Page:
where is a "scale-mass", which measures the way the system resists to the scale-force. ## B.2.1. Constant scale-forceLet us first consider the case of a constant scale-force. Eq. (B4) writes where constant. It is easily integrated in terms of the usual parabolic solution (where : However the physical meaning of this result is not clear under this form. This is due to the fact that, while in the case of motion laws we search for the evolution of the system with time, in the case of scale laws we search for the dependence of the system on resolution, which is the directly measured observable. We find, after redefinition of the integration constants: The scale dimension becomes a linear function of resolution (the same being then true of the fractal dimension ), and the relation is now parabolic rather than linear as in the standard power-law case. There are several physical situations where, after careful examination of the data, the power-law models were clearly rejected since no constant slope could be defined in the plane. In the several cases where a clear curvature appears in this plane (e.g., turbulence, sand piles,...), the physics could come under such a "scale-dynamical" description. In these cases it might be of the highest interest to identify and study the scale-force responsible for the scale distorsion (i.e., for the deviation to standard scaling). ## B.2.2. Harmonic oscillatorAnother interesting case of scale-potential is that of a repulsive harmonic oscillator. It is solved as For it gives the standard Galilean case , but its large-scale behavior is particularly interesting, since it does not permit the existence of resolutions larger than a scale . Such a behavior could provide a model of confinement in QCD (Nottale 1997). More generally, we shall be led to look for the general non-linear scale laws that satisfy the principle of scale relativity (see also Dubrulle and Graner 1997). As remarked in (Nottale 1994b, 1996a), such a generalized framework implies working in a five-dimensional fractal space-time. The development of such a "general scale-relativity" lies outside the scope of the present paper and will be considered elsewhere (Nottale 1997). ## B.3. Scale-motion coupling and gauge invarianceThe theory of scale relativity also allows to get new insights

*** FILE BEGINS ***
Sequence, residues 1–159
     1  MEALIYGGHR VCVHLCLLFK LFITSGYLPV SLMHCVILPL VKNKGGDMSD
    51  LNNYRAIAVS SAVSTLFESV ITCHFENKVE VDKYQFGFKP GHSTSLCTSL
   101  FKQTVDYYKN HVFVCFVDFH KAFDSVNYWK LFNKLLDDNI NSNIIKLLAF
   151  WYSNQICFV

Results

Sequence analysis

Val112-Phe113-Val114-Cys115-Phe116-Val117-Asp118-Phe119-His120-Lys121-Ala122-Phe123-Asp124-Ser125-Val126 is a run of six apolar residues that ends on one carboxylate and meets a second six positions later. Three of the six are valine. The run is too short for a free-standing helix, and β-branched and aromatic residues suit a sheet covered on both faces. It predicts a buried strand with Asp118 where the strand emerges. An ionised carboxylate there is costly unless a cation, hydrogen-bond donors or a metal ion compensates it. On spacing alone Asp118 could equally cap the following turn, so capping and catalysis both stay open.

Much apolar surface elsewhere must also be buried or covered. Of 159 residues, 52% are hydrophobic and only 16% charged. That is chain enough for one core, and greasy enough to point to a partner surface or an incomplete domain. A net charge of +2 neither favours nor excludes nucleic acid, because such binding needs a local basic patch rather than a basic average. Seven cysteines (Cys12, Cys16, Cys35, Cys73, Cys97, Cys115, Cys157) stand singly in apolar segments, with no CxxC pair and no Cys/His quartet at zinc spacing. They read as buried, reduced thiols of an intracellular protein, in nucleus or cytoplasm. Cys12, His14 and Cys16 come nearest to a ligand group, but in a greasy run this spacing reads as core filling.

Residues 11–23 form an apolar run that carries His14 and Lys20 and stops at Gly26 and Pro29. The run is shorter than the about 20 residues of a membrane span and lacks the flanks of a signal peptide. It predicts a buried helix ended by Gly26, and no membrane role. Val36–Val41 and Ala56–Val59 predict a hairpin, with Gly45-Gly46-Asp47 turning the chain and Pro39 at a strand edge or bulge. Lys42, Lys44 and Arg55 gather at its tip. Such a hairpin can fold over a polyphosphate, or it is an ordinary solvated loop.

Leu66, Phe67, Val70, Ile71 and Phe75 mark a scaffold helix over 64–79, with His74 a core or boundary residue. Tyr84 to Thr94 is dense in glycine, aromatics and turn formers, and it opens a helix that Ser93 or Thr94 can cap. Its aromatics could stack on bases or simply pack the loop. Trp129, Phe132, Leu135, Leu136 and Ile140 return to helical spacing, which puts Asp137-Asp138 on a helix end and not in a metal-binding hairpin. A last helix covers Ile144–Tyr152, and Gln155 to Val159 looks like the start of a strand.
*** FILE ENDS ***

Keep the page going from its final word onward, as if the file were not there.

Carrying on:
about the physical meaning of gauge invariance
(Nottale 1994b,
1996a).
In the previous scale laws, only scale transformations at a given
point were considered. But we must also wonder about what happens to
the structures in scale of a scale-dependent object when it is
displaced. Consider anyone of these structures, lying at some
(relative) resolution (such that
, where is the
fractal/nonfractal transition) for a given position of the particle.
In a displacement of the object, the relativity of scales implies that
the resolution at which this given structure appears in the new
position will a priori be different from the initial one. In other
words, is now a function of the space-time
coordinates, , and we expect the occurrence of
where a four-vector must be introduced since is itself a four-vector and a scalar (in the case of a global dilation). This behavior can be expressed in terms of a new scale-covariant derivative: However, if one wants such a "field" to be physical, it must be defined whatever the initial scale from which we started. Starting from another scale (we consider only Galilean scale-relativity here, see Nottale 1994b, 1996a for the additional implications of special scale-relativity), we get which depends on the relative "state of scale", . However, if one now considers translation along two different coordinates (or, in an equivalent way, displacement on a closed loop), one may write a commutator relation: This relation defines a tensor field which,
contrarily to , is independent of the initial
scale. One recognizes in the analog of an
electromagnetic field, in , that of an
electromagnetic potential, in © European Southern Observatory (ESO) 1997 Online publication: April 6, 1998 |